The Works of Shakespear: In Eight Volumes, Volume 1 (Google eBook)

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J. and P. Knapton, 1747
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Page 51 - Hence, bashful cunning ! And prompt me, plain and holy innocence ! I am your wife, if you will marry me ; If not, I'll die your maid : to be your fellow You may deny me ; but I'll be your servant, Whether you will or no.
Page 368 - Stands at a guard with envy ; scarce confesses That his blood flows, or that his appetite Is more to bread than stone : hence shall we see, If power change purpose, what our seemers be.
Page 96 - But earthlier happy is the rose distill'd Than that which, withering on the virgin thorn, Grows, lives, and dies in single blessedness.
Page 295 - If all the world and love were young And truth in every Shepherd's tongue, These pretty pleasures might me move, To live with thee, and be thy love. Time drives the flocks from field to fold, When Rivers rage, and Rocks grow cold, And Philomel becometh dumb, The rest complains of cares to come.
Page 384 - Why, all the souls that were, were forfeit once ; And He that might the vantage best have took, Found out the remedy : How would you be, If He, which is the top of judgment, should But judge you as you are ? O, think on that ; And mercy then will breathe within your lips, Like man new made.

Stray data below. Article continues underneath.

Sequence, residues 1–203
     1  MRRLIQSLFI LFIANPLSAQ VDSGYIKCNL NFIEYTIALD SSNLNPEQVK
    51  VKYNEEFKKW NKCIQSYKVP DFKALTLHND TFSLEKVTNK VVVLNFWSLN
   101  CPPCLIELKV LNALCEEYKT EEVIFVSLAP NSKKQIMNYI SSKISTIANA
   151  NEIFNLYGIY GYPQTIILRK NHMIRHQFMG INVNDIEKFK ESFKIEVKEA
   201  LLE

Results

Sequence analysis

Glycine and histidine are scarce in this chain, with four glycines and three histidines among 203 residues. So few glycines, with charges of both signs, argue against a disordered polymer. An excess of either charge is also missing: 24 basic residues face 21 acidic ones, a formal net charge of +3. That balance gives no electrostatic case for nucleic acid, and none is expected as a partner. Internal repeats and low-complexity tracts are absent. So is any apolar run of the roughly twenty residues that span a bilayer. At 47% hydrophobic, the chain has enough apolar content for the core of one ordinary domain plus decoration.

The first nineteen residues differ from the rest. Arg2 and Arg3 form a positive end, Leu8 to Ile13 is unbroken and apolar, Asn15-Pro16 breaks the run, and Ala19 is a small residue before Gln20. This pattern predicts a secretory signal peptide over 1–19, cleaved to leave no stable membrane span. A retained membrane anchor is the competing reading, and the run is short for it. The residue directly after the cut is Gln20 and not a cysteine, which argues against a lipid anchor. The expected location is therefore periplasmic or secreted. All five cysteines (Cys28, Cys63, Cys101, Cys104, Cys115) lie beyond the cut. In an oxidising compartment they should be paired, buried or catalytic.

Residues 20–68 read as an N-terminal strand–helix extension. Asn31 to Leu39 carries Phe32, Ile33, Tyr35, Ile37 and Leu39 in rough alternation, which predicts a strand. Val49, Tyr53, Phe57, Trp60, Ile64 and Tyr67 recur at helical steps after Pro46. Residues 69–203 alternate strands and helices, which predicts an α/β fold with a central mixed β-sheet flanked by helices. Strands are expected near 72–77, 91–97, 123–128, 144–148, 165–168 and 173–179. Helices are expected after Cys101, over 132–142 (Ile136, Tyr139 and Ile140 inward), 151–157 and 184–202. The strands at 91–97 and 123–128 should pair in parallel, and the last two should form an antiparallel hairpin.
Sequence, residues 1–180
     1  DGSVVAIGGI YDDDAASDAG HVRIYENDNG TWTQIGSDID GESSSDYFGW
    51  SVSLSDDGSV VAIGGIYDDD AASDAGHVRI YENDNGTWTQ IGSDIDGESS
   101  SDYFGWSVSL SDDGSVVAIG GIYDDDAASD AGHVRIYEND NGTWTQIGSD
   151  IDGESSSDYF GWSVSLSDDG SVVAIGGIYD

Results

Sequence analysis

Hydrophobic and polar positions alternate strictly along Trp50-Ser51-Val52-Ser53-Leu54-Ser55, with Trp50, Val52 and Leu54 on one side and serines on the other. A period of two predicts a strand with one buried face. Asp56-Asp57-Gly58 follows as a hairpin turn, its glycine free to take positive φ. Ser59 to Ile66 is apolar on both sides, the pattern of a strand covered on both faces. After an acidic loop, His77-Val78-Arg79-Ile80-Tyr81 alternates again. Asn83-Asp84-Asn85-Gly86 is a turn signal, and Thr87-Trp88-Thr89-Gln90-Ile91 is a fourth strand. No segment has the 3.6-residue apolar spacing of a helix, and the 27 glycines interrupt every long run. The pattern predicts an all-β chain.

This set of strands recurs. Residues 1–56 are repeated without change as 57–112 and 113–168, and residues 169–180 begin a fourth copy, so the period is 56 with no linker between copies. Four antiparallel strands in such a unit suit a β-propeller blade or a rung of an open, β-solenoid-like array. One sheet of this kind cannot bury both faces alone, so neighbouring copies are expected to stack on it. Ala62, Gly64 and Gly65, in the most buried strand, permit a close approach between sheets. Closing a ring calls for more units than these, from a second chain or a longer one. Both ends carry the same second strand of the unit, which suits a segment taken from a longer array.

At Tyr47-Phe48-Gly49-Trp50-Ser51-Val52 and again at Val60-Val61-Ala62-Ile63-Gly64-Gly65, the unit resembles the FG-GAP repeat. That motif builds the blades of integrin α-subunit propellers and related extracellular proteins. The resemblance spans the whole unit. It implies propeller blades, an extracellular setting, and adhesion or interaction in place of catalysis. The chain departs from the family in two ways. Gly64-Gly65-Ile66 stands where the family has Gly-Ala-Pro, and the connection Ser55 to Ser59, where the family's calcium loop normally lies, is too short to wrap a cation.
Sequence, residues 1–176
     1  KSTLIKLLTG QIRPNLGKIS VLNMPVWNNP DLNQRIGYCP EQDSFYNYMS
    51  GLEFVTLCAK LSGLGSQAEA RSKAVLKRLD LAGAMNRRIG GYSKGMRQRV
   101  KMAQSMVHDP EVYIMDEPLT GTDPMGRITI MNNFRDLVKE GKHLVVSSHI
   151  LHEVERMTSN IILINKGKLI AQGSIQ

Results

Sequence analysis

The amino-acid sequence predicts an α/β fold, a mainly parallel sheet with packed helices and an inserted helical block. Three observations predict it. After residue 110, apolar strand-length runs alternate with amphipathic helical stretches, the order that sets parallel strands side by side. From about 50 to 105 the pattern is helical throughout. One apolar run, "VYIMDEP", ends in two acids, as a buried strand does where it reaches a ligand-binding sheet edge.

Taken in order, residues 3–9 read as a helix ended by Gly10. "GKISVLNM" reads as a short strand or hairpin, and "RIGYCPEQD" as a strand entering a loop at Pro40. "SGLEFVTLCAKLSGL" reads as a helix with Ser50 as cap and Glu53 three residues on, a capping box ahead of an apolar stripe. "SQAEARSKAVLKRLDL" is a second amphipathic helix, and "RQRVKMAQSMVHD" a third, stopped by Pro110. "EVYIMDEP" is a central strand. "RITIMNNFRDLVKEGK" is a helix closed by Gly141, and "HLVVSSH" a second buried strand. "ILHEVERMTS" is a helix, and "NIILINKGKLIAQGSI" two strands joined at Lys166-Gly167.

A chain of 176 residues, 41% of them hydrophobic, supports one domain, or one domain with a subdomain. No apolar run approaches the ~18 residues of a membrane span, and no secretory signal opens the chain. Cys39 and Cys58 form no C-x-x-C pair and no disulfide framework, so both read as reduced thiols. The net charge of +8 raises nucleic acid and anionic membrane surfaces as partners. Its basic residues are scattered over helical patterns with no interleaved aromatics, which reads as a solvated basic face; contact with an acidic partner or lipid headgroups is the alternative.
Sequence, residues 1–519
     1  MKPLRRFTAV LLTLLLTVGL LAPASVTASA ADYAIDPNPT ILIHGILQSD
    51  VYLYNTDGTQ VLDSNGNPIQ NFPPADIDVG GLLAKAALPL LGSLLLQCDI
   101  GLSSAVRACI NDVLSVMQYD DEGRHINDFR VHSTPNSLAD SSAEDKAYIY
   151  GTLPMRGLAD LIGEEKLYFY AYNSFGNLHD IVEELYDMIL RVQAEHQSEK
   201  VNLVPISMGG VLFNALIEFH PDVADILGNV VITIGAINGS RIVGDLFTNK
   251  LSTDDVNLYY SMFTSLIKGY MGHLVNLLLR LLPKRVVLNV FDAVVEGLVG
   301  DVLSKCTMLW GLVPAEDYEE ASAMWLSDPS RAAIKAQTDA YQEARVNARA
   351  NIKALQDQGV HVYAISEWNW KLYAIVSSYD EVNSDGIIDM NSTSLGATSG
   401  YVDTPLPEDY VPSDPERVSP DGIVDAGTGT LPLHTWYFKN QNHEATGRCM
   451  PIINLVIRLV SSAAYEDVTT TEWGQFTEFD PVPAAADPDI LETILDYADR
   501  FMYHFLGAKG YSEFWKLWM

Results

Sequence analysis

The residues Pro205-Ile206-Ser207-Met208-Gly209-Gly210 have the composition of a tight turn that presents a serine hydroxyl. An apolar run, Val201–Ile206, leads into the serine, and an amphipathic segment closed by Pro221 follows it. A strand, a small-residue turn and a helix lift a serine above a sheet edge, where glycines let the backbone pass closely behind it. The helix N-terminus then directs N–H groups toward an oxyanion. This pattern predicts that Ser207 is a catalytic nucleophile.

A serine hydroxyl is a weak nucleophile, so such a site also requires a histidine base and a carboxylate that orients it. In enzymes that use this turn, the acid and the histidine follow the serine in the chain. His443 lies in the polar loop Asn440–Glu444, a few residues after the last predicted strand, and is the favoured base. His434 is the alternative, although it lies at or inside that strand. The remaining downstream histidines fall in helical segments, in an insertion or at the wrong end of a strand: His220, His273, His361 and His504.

Page 357 - Heaven doth with us as we with torches do, Not light them for themselves ; for if our virtues Did not go forth of us, 'twere all alike As if we had them not.
Page 294 - The shepherd swains shall dance and sing For thy delight each May morning: If these delights thy mind may move, Then live with me and be my love.
Page 43 - Were I in England now, as once I was, and had but this fish painted, not a holiday fool there but would give a piece of silver. There would this monster make a man. Any strange beast there makes a man. When they will not give a doit to relieve a lame beggar, they will lay out ten to see a dead Indian.
Page 21 - You taught me language; and my profit on't Is, I know how to curse : The red plague rid you, For learning me your language ! Pro.
Page 171 - If we shadows have offended. Think but this, and all is mended, That you have but slumber'd here, While these visions did appear. And this weak and idle theme, No more yielding but a dream, Gentles, do not reprehend: If you pardon, we will mend.

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